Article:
Over the course of a three-year term, the average LDS mission president is responsible for the baptism of some 2,600 new converts taught and baptized by missionaries under his supervision. Some missions achieve large numbers of baptisms but retain only a fraction of converts. Others achieve higher retention but make relatively few converts in areas of considerable opportunity. Still others suffer from both low retention and few baptisms. Relatively few missions succeed at both baptizing large numbers of converts per missionary and retaining even a bare majority. To a great extent, these differences reflect mission and area leadership.
Although Church doctrine has always taught that the prophet is the only man who will never lead the Church astray, a widespread misconception exists that lesser leaders are virtually infallible. Poor convert retention rates in many areas of the world, slow Church growth in receptive areas, and serious challenges that have remained unaddressed for prolonged periods emphatically demonstrate that this is not the case. A sincere and righteous person can be an excellent pastoral leader, but a poor mission leader. One can study the gospel, strive diligently to live the gospel, teach the gospel, write about the gospel, and serve faithfully in numerous church callings without understanding elementary principles of missionary work. Leaders have varying levels of understanding and experience a learning process.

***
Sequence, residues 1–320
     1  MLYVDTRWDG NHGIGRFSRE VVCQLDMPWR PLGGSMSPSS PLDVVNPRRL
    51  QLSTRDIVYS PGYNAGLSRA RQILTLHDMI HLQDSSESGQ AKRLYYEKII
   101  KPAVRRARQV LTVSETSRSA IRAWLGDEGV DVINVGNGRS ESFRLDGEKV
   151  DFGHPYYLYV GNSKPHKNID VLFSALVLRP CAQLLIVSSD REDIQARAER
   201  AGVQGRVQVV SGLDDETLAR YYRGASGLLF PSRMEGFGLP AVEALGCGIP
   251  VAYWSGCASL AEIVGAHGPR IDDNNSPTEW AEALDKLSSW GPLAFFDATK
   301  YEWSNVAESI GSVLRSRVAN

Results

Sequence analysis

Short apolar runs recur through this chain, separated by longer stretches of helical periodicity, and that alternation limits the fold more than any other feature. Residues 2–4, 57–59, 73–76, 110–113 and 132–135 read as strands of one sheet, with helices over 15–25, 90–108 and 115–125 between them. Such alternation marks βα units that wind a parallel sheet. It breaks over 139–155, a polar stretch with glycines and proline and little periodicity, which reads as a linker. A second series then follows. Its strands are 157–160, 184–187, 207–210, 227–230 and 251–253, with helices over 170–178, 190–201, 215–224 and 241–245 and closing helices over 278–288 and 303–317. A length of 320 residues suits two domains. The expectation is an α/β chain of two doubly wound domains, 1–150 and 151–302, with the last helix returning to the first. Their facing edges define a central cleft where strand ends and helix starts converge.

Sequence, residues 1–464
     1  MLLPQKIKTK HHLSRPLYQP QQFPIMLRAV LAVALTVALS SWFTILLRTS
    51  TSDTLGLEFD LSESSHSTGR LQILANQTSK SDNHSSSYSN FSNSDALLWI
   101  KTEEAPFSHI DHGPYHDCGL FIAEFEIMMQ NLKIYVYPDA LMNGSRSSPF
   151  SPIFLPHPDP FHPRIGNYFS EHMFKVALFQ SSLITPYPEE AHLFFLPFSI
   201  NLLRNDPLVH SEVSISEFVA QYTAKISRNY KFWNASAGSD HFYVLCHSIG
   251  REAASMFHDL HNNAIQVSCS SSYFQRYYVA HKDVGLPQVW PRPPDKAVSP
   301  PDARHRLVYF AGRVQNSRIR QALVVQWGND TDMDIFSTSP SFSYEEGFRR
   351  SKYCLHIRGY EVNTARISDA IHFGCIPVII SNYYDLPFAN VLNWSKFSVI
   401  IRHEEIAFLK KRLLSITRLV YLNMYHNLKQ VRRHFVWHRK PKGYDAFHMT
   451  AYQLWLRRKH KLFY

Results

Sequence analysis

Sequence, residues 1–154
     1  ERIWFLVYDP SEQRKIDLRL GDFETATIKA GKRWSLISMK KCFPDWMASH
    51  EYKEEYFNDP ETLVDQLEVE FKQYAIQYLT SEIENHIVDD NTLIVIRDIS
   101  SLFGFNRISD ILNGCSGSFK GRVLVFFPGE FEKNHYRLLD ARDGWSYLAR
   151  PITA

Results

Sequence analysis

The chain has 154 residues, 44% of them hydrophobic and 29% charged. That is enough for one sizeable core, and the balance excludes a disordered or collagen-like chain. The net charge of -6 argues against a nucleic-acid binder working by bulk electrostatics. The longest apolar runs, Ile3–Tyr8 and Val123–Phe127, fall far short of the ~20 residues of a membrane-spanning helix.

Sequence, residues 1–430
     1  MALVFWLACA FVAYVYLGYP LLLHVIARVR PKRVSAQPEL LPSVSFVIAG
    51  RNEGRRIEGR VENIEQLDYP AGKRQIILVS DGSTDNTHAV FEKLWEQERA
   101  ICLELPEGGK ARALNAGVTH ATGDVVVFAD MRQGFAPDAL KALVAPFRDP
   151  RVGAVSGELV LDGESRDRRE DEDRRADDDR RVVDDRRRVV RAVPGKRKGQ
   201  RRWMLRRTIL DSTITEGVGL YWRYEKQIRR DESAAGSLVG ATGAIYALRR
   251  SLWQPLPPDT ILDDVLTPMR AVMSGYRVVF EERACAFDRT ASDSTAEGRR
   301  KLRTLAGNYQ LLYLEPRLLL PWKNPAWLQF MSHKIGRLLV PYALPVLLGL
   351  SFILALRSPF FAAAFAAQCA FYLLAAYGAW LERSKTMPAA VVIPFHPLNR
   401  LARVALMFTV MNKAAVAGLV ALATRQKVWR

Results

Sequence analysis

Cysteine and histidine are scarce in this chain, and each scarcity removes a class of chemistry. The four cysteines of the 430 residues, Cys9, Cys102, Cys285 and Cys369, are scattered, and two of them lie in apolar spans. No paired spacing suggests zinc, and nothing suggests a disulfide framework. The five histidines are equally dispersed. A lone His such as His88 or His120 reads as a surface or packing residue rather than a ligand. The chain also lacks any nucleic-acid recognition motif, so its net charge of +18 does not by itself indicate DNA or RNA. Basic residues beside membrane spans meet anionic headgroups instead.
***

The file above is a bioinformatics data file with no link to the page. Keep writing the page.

Outreach leadership poses special challenges for even the most faithful and capable members. Pastoral leaders have considerable accumulated experience in the programs of their local wards, while most outreach leaders have had only remote or infrequent experience with finding, teaching, and retaining converts. Successful outreach leadership requires several attributes beyond those required for pastoral care. Mission leaders often face the task of organizing new congregations from the ground up with fresh converts and are given broad authority to devise and implement their own policies and programs. In contrast, most congregations are in maintenance rather than growth mode, and programs remain fairly static even with the variable personalities of pastoral leaders. The calling of a new bishop or stake president does little to alter the church experience for the average member, while a change of mission presidents can dramatically impact missionaries, converts, and nonmembers. Outreach leadership demands a much greater ability to collect, analyze, respond, and appropriately act upon information from a wide variety of sources than that necessary for pastoral leadership. Outreach leaders must understand the values, interests, and desires of local nonmembers and develop and coordinate programs to effectively reach them. An understanding of language and culture, people skills, teaching skills, organization, time management skills, the media, and missionary dynamics are essential. While pastoral leaders can successfully act in largely the same way in Utah, the Philippines, or Russia, conducting missionary work in the same fashion in all areas would be a disaster. Most mission presidents who have previously served as pastoral leaders quickly find that the circumstances of the mission field require intense and comprehensive reeducation.